A pre-Akron Soap Box Derby racer, built and raced by 13 year old Robert Gravett from Dayton, OH, that become the logo image for the official All-American Soap Box Derby brand for over thirty years. In 1933, Robert competed in the very first organized soap box race in Dayton, OH. He did not win, but a photo of his car, taken by newsman Myron Scott (who also happened to come up with the Derby idea) was considered by Scott to represent the archetypal racer, which he used for the logo. Robert was inducted into the AASBD Hall of Fame in 2000. A replica is on display in the museum located at Derby Downs in Akron, OH.
The racer, named "Old No. 7" (not to be confused with the Jack Daniel's brand), was constructed in wood, with the body being made out of sheet metal bent over curved frames. The driver sat upright. As was typical with go-carts of that period, the axles were mounted under the chassis, which was constructed out of 2x4 lumber. The steering column was fashioned from a broom handle, hooked up to an old spoke wheel. Long door springs running parallel to the steering cables on the outside of the car acted as dampeners. Indeed the materials used in the car's construction were whatever young Robert could scrounge up. The original color was black with metallic bronze trim. The only livery was the large No.7 on the hood, something he chose because it was simple to paint.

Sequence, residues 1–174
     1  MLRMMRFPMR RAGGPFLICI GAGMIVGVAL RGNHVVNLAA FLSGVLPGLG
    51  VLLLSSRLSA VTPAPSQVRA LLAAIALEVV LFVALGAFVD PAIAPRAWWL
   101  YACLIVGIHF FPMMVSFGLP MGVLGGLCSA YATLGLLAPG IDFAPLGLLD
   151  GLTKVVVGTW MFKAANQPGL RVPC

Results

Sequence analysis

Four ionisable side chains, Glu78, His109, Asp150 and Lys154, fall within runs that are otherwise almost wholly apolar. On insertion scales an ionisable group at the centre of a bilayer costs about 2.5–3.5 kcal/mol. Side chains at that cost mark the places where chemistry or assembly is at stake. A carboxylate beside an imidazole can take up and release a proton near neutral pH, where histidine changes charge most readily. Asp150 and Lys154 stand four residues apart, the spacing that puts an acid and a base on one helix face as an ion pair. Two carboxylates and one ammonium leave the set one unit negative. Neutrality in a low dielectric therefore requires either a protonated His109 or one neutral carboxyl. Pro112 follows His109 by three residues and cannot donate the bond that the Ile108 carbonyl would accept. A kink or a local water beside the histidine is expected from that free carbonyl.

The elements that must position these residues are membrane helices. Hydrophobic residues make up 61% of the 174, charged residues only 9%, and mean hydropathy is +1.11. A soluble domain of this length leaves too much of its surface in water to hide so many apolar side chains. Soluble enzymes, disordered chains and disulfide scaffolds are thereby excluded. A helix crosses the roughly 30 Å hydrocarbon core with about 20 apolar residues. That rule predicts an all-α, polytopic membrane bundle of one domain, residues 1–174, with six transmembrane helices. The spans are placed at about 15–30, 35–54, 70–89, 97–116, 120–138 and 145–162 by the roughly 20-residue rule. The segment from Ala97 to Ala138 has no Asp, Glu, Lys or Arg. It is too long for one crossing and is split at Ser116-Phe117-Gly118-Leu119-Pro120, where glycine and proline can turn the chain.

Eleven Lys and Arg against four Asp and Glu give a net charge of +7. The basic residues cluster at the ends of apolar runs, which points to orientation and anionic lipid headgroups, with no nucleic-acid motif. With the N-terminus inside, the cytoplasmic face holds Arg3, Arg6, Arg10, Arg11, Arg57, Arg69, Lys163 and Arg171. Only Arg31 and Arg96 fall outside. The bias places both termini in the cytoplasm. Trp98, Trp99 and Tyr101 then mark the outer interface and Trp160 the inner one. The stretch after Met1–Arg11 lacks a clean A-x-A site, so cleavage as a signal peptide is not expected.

This model is designed from photos of the replica. Measurements and interior workings are a guess. The inclusion of the Soap Box Derby logo in no way suggests that this model is sanctioned officially by the AASBD.
Dimensions (measured off actual car)
Overall length - 66"
Overall width - 30 1/2"
Overall height - 26"
Wheelbase - 48"
Body width - 16"
Ground clearance - 4"
Wheel diameter - 9 1/4"
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